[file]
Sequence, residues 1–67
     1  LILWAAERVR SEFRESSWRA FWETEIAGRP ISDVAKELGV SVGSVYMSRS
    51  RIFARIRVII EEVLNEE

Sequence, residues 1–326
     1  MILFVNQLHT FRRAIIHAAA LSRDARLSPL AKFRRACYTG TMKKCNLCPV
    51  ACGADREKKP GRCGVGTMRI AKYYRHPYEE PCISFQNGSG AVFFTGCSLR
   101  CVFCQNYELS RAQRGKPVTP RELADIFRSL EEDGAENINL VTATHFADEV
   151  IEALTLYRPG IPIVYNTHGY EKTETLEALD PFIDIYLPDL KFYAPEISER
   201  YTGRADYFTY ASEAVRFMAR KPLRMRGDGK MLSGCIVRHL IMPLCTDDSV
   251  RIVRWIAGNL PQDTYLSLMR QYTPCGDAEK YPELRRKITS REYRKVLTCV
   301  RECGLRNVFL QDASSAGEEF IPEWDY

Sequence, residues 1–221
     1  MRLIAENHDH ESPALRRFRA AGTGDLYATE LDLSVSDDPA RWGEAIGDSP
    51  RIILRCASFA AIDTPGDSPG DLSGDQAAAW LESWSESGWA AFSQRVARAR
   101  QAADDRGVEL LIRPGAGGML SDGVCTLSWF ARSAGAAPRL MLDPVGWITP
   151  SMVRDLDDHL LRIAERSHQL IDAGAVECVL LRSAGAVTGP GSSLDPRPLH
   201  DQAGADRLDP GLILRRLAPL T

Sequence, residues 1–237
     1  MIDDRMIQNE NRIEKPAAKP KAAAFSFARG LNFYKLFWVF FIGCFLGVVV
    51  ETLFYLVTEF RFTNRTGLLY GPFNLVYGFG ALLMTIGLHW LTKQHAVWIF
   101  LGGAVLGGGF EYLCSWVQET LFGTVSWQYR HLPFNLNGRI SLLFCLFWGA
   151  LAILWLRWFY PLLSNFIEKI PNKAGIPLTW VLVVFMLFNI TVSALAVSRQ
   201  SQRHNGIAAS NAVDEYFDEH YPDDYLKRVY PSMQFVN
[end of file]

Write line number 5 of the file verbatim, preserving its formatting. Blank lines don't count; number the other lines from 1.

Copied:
     1  MILFVNQLHT FRRAIIHAAA LSRDARLSPL AKFRRACYTG TMKKCNLCPV